Developing strategies for the prevention, detection and management of elder abuse: the Irish experience.
ABSTRACT It is only within the past two decades that elder abuse has received governmental attention in Ireland. There had been little awareness, and no structures in place to tackle this problem prior to this. Media highlighting of particular cases, and an exploratory study undertaken in 1998, prompted the setting up of a governmental working group on elder abuse. Unique to this group was the trialling of a proposed system in two pilot sites. This allowed for recommendations based on actual practice, and has lead to the adoption of a network of elder abuse caseworkers, among other recommendations.
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ABSTRACT: Purpose – This paper seeks to present findings from the first all-Ireland study that consulted older people on their perceptions of interventions and services to support people experiencing abuse. Design/methodology/approach – Utilising a grounded theory approach, 58 people aged 65 years and over took part in focus groups across Ireland. Four peer-researchers were also trained to assist in recruitment, data collection, analysis, and dissemination. Findings – Participants identified preventative community-based approaches and peer supports as important mechanisms to support people experiencing, and being at risk of, elder abuse. Choices regarding care provision and housing, as well as opportunities for engagement in community activities where they can discuss issues with others, were identified as ways to prevent abuse. Originality/value – The development of elder abuse services has traditionally been defined from the perspective of policy makers and professionals. This study looked at the perspective of the end-users of such services for the first time. The research also gave an active role to older people in the research process. The policy implication of the findings from this research is that enhanced attention and resources should be directed to community activities that enable older people to share their concerns informally thereby gaining confidence to seek more formal interventions when necessary.Quality in ageing: policy, practice and research 03/2012; 13(1):48-59.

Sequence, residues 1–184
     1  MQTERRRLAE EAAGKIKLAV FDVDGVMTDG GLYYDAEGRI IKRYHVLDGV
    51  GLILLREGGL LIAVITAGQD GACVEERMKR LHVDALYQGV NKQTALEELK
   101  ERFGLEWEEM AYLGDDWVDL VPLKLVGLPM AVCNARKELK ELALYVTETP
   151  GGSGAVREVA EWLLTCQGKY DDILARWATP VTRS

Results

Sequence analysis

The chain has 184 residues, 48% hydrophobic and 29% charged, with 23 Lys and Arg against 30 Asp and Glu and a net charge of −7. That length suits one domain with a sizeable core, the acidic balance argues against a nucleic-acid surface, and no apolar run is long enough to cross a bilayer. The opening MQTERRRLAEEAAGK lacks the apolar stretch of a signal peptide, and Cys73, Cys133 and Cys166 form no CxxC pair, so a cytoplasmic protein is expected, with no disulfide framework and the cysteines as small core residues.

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ABSTRACT: This qualitative study used data from eight focus groups involving 58 people aged over 65 years in both urban and rural settings across Northern Ireland and the Republic of Ireland. Following training, four older people assisted in facilitation and analysis as peer researchers. Increasing lack of respect within society was experienced as abusive. The vulnerability of older people to abuse was perceived as relating to the need for help and support, where standing up for themselves might have repercussions for the person's health or safety. Emotional abusiveness was viewed as underpinning all forms of abuse, and as influencing its experienced severity. Respondents' views as to whether an action was abusive required an understanding of intent: some actions that professionals might view as abusive were regarded as acceptable if they were in the older person's best interests. Preventing abuse requires a wide-ranging approach including rebuilding respect for older people within society. Procedures to prevent elder abuse need to take into account the emotional impact of family relationships and intent, not just a description of behaviors that have occurred.Journal of Elder Abuse & Neglect 04/2014; 26(3):223-243.
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ABSTRACT: Until recent years, Ireland has not formally responded to elder abuse. This article considers the recent developments in Ireland through an ecological framework, which focuses on the multidimensional progress of Irish policy, practice, and legislation related to protecting older people. Although significant progress has been made, the discussion highlights areas for continued development and improvement.Journal of Elder Abuse & Neglect 02/2014; 26(2):172-88.